As we have written about previously, in 2016 the European Union (EU) approved a new privacy regulation called the General Data Protection Regulation (GDPR). It is a mandatory regulation that applies to all companies that collect the data and information of EU individuals.
The GDPR expands the privacy rights granted to European individuals and requires certain companies that process the personal data of European individuals to comply with its regulations.
The GDPR went into effect May 25, 2018, and all companies collecting or processing the personal data of EU individuals must be compliant.
If you want to find out more about the GDPR, additional information is available on the official GDPR website of the European Union.
Employer Alert – Clarification on California’s Salary History and Equal Pay Statutes
Early this year in our New California Employment Laws for 2018 article, we alerted you to Assembly Bill (“AB”) 168 (codified at Labor Code § 432.2 and effective as of January 1, 2018), which places restrictions on information an employer may seek from job applicants concerning compensation or salary history. For example, Labor Code § 432.2(a) prohibits an employer from “rely[ing] on the salary history information of an applicant for employment as a factor in determining whether to offer employment to an applicant or what salary to offer an applicant.”
While the ink was still drying on AB 168, Governor Brown signed AB 2282, which sought to clarify some ambiguities in Labor Code §§ 432.2 and 1197.5 (California’s Equal Pay Act) created by AB 168 and other prior amendments.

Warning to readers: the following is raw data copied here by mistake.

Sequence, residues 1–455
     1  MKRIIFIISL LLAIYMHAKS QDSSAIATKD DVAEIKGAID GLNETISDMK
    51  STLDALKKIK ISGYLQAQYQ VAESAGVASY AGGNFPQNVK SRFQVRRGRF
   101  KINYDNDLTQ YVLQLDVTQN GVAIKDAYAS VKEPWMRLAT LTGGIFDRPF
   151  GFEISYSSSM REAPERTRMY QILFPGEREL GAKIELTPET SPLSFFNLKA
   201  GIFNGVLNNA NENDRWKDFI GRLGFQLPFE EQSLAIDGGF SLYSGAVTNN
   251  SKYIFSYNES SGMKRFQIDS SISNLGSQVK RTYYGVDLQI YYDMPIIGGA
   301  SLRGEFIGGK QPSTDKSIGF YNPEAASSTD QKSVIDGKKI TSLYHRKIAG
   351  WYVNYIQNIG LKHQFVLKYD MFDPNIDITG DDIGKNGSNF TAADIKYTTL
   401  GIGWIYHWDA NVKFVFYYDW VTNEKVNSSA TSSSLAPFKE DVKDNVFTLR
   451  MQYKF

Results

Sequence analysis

Salary Inquiry (Labor Code § 432.2)
AB 2282 specifically states an employer may ask “an applicant about his or her salary expectation for the position being applied for” (emphasis added). The employer still cannot ask for an applicant’s salary history, though a nondiscerning applicant or employer may not realize the distinction between “salary history” and “salary expectation.”
Additionally, AB 2282 defined three terms that were left undefined in Labor Code § 432.3(c) with respect an applicant’s request for a pay scale for a position (“An employer, upon reasonable request, shall provide the pay scale for a position to an applicant applying for employment.”):
- “Pay Scale” means a “salary or hourly wage range.”
- “Reasonable Request” means a “request after an applicant has completed an initial interview with the employer.”
- “Applicant” or “Applicant for Employment” means “an individual who is seeking employment with the employer and is not currently employed with that employer in any capacity or position.”
Current Salary in Compensation Decisions (Labor Code § 1197.5)
AB 2282 does not change the existing prohibition under Labor Code § 1197.5 of prior salary as the sole justification in compensation disparity; instead, AB 2282 clarifies that an employer may make a “compensation decision based on a current employee’s existing salary, so long as the wage differential resulting from that decision is justified” by one or more of the following factors: (a) seniority system, (b) merit system, (c) system that measures earnings by quantity or quality of production, or (d) bona fide factor other than sex, race, or ethnicity, such as education, training, or experience.
While AB 2282’s amendments to Labor Code §§ 432.2 and 1197.5 do not signal any dramatic change with respect to salary inquiries, these amendments clarify how to treat “salary history”:
- Employers cannot ask for an applicant’s salary history, but can ask for an applicant’s salary expectations.
- Employers can use an employee’s current salary in making compensation decision, but any wage differential cannot be based on sex-, race-, or ethnicity-based reason(s).
Please contact Denis Kenny at (firstname.lastname@example.org), Ryan Stahl at (email@example.com), or John Lough, Jr. at (firstname.lastname@example.org) for more information on upcoming laws that may affect your workforce, including best practices in assessing wage differentials, assessments of workers as either independent contractors or workers, scheduling a mandatory harassment training, or assessing and updating your workplace policies to ensure compliance with controlling law.
– Written by John Lough, Jr.